Not all sales scenarios play out perfectly in line with your typical daily-usage sales process. In this article, we'll be covering three sales scenarios you may not be ready for when they come calling. Our goal isn't to ready you for these particular challenges, however. Rather, in reading these, you should be considering how to prepare with, and deal with, anything that might come your way-anticipated or not.
1. The major customer.
Career-making (and breaking) customers don't come along very often. That makes it a little difficult to get accustomed to the differences in pressure and customer attitude that often come with such sales scenarios. Unless you're already at the top of your industry, in which case why are you reading this?
So what's different with a major, change your life customer? Not as much outside of your head as inside your head. The pressure can be extreme, especially if you're already prone to sales anxiety. Sometimes a customer that knows they're a big deal will act like a big deal. The solution's simple: Keep your head and hold your ground.
If you respond to a major opportunity by forgetting your process, trading in your confidence for obsequiousness, and losing your ability to make the case for your product, you're only going to squander those opportunities. You don't want to treat such sales scenarios as 'just another customer', because a bit of anxiety gives you focus, but you can't let it overwhelm you.
If your methods are solid for the little guy, they'll be solid for the big guy. If you're relying on weak methods (the high-pressure sale, dishonesty, etc.), then you're going to end up embarrassing yourself in these major sales scenarios.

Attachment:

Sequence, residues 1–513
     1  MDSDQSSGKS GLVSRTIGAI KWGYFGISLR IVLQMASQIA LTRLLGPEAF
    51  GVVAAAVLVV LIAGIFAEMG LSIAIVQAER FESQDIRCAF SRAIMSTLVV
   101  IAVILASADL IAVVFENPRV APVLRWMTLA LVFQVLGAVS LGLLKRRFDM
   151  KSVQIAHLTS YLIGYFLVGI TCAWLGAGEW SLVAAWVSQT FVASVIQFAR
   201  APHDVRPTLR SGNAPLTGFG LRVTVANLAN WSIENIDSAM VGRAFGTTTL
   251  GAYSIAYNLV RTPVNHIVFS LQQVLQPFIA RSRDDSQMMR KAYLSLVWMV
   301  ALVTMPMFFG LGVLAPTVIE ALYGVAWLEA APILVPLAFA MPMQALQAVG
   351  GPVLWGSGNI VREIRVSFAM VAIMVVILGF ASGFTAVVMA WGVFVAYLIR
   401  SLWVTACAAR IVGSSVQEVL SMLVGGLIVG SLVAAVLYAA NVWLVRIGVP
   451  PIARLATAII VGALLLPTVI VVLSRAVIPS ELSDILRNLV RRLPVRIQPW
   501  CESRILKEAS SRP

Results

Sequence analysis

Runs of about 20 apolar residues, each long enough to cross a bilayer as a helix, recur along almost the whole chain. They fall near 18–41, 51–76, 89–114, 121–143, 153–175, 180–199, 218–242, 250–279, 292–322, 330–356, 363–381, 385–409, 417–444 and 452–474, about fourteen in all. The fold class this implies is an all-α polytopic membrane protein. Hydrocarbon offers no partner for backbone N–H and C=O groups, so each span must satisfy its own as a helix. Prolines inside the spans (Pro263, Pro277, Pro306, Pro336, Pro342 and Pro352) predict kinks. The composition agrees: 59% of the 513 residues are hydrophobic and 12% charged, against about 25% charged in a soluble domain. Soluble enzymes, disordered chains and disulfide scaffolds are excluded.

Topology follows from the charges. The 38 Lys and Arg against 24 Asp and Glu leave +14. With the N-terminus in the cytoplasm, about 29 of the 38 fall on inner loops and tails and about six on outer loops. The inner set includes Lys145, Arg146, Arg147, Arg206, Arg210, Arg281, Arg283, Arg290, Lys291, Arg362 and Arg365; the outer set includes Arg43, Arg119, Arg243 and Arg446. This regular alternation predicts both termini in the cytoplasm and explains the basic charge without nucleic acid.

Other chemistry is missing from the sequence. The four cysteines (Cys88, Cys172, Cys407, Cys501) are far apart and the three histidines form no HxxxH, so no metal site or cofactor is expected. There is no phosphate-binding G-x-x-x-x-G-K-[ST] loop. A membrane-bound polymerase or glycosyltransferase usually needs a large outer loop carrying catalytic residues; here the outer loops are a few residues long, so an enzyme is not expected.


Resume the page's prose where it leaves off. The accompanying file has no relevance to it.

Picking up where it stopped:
2. The savvy customer.
When the customer knows more than you do, you have a problem. These aren't uncommon sales scenarios, but few sales people know how to safely navigate it nonetheless. If a customer knows your specs and the competition's specs, follows every third party review, knows the underlying technology, and has a question to ask that you couldn't possibly answer (being a sales person, not an engineer), what do you do?
There are two ways to prepare for sales scenarios like this. One, know everything. Knowledge is power in the sales game, and a strong knowledge of your product, the competition, the industry, and every possible tangential can only help you in selling in all possible sales scenarios.
You should also learn to say 'I don't know' in a way that doesn't trash the potential buyer's confidence. "I'm not sure, but I can find out for you" is good. Obfuscating and repeating facts that you DO remember doesn't help your case-it just makes you look like an idiot. Learn to admit ignorance gracefully-it's helpful more often than you might suspect.
3. The antagonistic customer.
Few sales scenarios have as much potential for a bad outcome as the antagonistic buyer. This person doesn't even seem to want to buy, only harangue you with quotes from every bad review, aggressive challenges of every issue with your product real or imagined, and simple rudeness. But the antagonist isn't a lost cause-not only can you navigate these prospects without creating a PR mess, you can often close the sale if you keep your wits.
The first goal should be avoiding damage. There are zero sales scenarios that should end with you losing your temper with a potential customer. Even if the sale's a lost cause, do you want to see yourself in some viral YouTube video? No way.
The second goal is closing the sale. Calm, reasoned, factual answers to every problem the prospect throws at you are your best bet. You need to know the complaints people throw at your product, and the solutions that current customers have found. Respond to angry complaints with calm answers and you might just close the sale.